Exploring new vocabulary with Google: update

I tried out this activity this afternoon as a way of introducing students to a vocabulary bank they will need to maintain. 

The students were divided into groups, with each group given a vocabulary item from the bank. They had to enter the item into Google News Search and note down at least 3 different collocations/uses. They then presented their findings to the class. 

It was good to see students highlighting that certain collocations are more common than others: something they could only really have picked up by looking at numerous authentic examples. 

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TTT: The art of knowing when to shut up

shut up

Source: GIPHY

Something I’ve been encouraged by observers to work on in my lessons is cutting down on teacher talking time (TTT), particularly the tendency for TTT to increase as the lesson progresses. As Sam Shepherd points out in a great post on TTT, we should strive to minimise TTT not for its own sake but in order to create as many opportunities as possible for our students to speak. Teacher talk, then, is something we ought to use sparingly, skilfully and strategically–to support rather than stifle learning.

Shepherd identifies three main areas where teacher talk gets out of hand–giving explanations, giving instructions, and filling silences in speaking tasks; for each case he suggests why excessive teacher talk is occurring and how we can fix it. (Read his post for the details.) I would add that, were we to think deeply about what we’re doing as teachers throughout a normal lesson, we’d be able to identify many more opportunities where we could yield the floor to students. Here are just a few examples:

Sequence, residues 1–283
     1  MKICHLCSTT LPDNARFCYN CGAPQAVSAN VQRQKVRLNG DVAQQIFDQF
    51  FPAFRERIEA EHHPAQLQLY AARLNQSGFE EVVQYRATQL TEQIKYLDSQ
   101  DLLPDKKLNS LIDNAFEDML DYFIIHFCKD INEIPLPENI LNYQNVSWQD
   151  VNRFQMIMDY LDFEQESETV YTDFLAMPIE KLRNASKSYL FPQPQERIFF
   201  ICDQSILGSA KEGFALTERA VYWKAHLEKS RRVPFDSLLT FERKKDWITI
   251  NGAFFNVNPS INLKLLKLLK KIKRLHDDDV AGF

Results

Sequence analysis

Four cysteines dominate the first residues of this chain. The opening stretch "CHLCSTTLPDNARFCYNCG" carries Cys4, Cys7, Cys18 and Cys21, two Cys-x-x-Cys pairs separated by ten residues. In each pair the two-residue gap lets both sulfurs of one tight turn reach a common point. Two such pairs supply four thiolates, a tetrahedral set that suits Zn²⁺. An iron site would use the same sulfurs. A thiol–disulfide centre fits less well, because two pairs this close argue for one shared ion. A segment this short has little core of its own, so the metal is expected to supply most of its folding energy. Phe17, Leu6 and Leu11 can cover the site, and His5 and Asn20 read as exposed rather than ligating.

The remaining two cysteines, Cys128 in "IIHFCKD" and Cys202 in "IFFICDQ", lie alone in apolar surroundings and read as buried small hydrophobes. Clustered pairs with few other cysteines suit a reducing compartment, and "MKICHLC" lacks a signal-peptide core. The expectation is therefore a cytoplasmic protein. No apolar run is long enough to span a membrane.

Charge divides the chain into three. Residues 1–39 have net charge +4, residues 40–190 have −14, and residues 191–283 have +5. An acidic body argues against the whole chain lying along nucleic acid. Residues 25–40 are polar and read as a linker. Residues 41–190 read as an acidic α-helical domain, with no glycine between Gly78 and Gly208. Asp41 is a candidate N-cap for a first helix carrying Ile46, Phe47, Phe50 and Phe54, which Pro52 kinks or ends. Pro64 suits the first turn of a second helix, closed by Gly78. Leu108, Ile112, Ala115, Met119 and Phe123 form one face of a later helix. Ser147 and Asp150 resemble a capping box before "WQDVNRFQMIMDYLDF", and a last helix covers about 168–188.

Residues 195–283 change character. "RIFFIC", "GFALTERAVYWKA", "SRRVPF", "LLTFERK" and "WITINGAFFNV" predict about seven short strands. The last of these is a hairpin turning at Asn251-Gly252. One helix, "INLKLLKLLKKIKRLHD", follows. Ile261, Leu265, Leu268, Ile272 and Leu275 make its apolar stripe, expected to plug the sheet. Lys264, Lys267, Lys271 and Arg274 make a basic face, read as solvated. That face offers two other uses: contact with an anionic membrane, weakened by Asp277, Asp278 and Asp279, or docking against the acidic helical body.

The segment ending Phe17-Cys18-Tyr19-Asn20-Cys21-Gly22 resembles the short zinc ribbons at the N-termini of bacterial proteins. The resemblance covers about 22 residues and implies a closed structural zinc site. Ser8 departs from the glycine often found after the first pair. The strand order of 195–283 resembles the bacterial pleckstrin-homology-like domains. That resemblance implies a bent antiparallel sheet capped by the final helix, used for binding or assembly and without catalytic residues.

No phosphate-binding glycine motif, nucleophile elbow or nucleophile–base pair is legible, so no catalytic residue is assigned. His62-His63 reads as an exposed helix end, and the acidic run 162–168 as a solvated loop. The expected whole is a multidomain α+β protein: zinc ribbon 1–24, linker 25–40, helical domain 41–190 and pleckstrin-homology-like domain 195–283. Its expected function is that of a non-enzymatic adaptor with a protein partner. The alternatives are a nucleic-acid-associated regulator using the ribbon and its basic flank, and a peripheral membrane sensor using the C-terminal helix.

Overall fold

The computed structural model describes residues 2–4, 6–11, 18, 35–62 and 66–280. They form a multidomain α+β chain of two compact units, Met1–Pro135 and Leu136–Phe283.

• Error correction: rather than correcting on-the-spot during a speaking activity, collect errors (and samples of good usage) that you hear and whiteboard them, then have students work in pairs or groups to correct them.
  • Setting up a task: rather than giving step-by-step instructions, demonstrate what to do with the first exercise (and get the class to help you). This works especially well with controlled-practice activities, but you can try using it with just about any task.
  • Student-centered feedback on content. This is something I most commonly use with conversation-line or speaking-circle activities: in the last rotation I’ll have the students share with their new partner the information they learned about their previous two speaking partners. That way I only need to deal with errors.
  • Grammar presentations: have students in groups work out the positive, negative and question forms of a model sentence, and then present this to the class.
  • Wait time: after posing a question to the class or an individual student, give them time to process the question and compose an answer. Let them fill the awkward silences!

Where else would you suggest we can turn TTT into STT in our lessons?

Relative pronouns: one aspect that textbooks often don’t cover

(Not that I have noticed, anyway.)

Most coursebooks will contain, in some form, the following information about relative pronouns:

table

So far, so good . . . until a student brings up a case like the following:

The year 1840 was the final year of convict transportation to Sydney, which by this time had a population of 35,000. (formatting added)

Wikipedia